Europe's banking health check has shown countries and lenders are implementing global capital rules at vastly different speeds, and 36 firms would have failed if new capital rules were fully applied.
The Eurozone lags behind countries outside the bloc in implementing the Basel III capital rules that are due to come into full force in 2019, potentially adding another challenge for the European Central Bank (ECB) when it takes over supervision of Eurozone lenders next month.
European stocks, low-rated government bonds and the Euro all rose yesterday morning as financial markets gave a cautious thumbs up to the results of the pan-European stress tests.
But by the end of the trading day, the optimism had faded as yet more bleak news from Europe's largest economy, Germany, weighed on investors.
Bank of Ireland, which along with AIB and Ulster Bank, passed the ECB's wide-ranging health check, closed down 2.2pc yesterday.
Permanent TSB, the only Irish bank to fail part of the comprehensive tests after a €854.8m shortfall was identified under the toughest scenario, pared losses after its stock dropped in the morning as much as 24pc. It closed down 3pc.
Carola Schuler, managing director for banking at Moody's, said that on a fully-loaded basis, many banks across Europe have only passed the stress tests by very thin margins
"They will be expected to do more," she said.
Some 25 European banks failed the health check of whether they could withstand a recession, and another 11 would have failed if the full Basel III rules had been applied.
The divergence was substantial across countries.
Capital ratios for Greek banks were on average 7.8 percentage points lower under full Basel rules, and the difference for Irish banks was almost 7 percentage points.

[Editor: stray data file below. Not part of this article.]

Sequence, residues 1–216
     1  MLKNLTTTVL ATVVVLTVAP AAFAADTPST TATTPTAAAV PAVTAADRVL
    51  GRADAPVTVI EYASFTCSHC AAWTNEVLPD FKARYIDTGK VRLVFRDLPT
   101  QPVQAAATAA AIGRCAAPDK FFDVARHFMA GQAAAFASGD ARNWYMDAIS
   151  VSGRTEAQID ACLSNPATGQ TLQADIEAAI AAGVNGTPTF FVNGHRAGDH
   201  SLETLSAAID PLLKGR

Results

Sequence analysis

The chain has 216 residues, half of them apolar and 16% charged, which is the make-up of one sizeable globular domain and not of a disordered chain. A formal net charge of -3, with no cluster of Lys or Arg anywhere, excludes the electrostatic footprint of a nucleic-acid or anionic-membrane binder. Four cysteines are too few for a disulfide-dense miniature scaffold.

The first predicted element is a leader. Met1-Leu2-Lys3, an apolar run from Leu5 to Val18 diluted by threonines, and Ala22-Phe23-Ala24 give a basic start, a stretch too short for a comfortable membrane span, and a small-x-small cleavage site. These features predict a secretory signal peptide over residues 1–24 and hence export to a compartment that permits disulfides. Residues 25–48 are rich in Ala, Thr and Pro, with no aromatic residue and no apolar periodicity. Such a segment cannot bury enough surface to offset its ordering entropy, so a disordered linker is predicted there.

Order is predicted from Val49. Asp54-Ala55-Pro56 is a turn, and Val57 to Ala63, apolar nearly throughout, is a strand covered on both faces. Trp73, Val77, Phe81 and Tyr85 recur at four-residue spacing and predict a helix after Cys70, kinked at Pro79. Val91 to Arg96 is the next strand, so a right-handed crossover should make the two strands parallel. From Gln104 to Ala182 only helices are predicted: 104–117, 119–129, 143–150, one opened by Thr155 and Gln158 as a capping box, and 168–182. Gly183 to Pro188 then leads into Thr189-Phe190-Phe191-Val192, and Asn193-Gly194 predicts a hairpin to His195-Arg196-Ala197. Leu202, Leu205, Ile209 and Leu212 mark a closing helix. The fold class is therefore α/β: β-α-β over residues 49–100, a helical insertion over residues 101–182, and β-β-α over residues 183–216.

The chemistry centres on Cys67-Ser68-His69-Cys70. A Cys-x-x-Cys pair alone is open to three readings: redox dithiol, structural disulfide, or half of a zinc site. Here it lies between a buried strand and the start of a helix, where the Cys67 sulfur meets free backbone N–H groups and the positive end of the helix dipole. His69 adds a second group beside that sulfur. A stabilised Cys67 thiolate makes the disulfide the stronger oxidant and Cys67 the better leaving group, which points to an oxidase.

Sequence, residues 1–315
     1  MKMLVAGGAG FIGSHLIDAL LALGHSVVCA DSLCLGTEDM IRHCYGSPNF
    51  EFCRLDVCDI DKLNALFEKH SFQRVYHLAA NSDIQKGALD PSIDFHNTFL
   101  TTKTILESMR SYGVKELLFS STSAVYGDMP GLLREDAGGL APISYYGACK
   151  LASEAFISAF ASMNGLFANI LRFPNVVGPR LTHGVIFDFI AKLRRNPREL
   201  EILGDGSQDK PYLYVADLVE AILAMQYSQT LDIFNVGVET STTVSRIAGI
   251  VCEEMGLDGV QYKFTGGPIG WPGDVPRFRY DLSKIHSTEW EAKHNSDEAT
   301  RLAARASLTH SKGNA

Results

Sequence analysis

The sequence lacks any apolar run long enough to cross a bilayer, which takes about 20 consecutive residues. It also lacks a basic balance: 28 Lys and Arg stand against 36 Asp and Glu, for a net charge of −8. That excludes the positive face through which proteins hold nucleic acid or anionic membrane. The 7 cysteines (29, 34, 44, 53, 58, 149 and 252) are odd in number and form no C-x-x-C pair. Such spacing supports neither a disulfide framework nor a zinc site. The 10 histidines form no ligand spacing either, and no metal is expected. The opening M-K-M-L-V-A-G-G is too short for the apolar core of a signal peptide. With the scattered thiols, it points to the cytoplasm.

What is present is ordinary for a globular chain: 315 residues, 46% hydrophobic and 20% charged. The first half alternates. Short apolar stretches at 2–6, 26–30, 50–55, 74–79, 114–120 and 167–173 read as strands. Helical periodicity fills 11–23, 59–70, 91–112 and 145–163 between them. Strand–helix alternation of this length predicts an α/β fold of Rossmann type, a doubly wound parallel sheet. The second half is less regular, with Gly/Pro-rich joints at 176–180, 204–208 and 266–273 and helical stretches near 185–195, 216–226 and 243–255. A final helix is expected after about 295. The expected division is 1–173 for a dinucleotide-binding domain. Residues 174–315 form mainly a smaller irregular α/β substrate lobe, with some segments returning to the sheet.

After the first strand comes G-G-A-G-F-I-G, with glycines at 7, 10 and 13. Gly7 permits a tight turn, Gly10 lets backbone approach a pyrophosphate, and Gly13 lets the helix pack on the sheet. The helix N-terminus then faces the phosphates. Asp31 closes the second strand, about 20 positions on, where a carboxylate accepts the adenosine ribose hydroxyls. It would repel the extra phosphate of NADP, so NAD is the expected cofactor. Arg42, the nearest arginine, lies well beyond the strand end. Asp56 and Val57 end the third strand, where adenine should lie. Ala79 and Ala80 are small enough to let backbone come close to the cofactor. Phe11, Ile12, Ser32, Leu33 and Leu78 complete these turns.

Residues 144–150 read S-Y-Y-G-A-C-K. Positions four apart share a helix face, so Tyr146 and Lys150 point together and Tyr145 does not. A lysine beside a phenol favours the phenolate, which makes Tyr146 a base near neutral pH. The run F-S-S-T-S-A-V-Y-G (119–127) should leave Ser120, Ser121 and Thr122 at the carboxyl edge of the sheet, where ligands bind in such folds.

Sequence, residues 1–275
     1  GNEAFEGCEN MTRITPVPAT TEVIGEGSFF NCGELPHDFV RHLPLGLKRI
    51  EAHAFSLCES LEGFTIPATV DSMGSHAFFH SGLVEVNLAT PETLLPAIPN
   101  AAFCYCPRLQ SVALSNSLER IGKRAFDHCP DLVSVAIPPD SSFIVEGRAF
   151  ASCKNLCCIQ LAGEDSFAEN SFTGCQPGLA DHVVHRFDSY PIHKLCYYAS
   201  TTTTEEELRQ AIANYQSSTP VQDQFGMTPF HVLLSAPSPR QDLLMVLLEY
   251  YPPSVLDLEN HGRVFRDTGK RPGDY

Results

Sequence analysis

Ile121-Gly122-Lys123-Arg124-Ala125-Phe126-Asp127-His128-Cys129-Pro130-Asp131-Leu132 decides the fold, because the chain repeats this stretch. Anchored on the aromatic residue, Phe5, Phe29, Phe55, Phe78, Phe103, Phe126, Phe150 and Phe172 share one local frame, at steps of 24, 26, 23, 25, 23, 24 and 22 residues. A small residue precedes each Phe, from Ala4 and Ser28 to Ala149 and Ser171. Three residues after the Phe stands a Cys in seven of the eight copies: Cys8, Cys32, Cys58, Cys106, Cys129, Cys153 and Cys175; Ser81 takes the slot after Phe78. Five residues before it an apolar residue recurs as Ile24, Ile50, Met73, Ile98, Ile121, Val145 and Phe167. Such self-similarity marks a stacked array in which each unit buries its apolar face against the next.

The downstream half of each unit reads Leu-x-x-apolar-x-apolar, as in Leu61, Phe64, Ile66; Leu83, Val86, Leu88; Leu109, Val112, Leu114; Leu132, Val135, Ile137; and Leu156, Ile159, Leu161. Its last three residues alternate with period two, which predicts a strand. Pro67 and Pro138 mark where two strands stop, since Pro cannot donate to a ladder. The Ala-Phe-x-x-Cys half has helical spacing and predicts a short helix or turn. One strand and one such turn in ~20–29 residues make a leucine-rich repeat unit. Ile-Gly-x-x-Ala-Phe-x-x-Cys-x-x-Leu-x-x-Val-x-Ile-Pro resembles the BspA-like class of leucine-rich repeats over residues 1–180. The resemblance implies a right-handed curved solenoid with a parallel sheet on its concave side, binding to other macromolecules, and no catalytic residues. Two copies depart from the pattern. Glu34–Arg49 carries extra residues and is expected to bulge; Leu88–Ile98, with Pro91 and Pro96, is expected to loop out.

Ratios for Portuguese banks were 220 basis points lower on average and in Spain they were 100 bps lower.
On a full Basel III basis, five German banks, including HSH Nordbank and DZ Bank, would have failed, compared to just one - Muenchener Hypothekenbank - in the standard test.
But in Sweden, Denmark, Norway, Britain, Poland and Hungary there was almost no difference between the full Basel III rules and the transitional numbers, because national regulators have effectively fully implemented the rules already.
That could put pressure on more banks to improve the amount and quality of their capital, potentially impacting their profitability, growth plans and dividend payouts.
The Wall Street Journal:
"Will the stress tests pave the way for faster credit growth in the Eurozone? In the short term, some easing of credit conditions seems likely, on top of the modest recovery already under way. Banks that may have been hoarding capital and liquidity may now feel less constrained, particularly if the equity and bond markets react positively, thereby reducing the cost of capital."
The New York Times:
"Analysts predicted that financial markets would react with relief to the news that there were no unpleasant revelations about Europe's biggest banks. But some wondered whether the relatively sanguine results meant that the health exam was not tough enough, despite the central bank's promises that the assessments would be rigorous."
Similar to efforts in the US five years ago, the rigorous stress testing of banks in Europe is key to building a floor under the region's economy and thus providing the basis for a more durable recovery. But for the assessment to be fully effective, Europe needs to do more, including finish work on the four legs of successful economic integration.
The Financial Times:
"Italy's central bank was thrown on the defensive on Sunday as its banking sector emerged as the standout loser in health checks aimed at restoring confidence in the euro area's financial sector."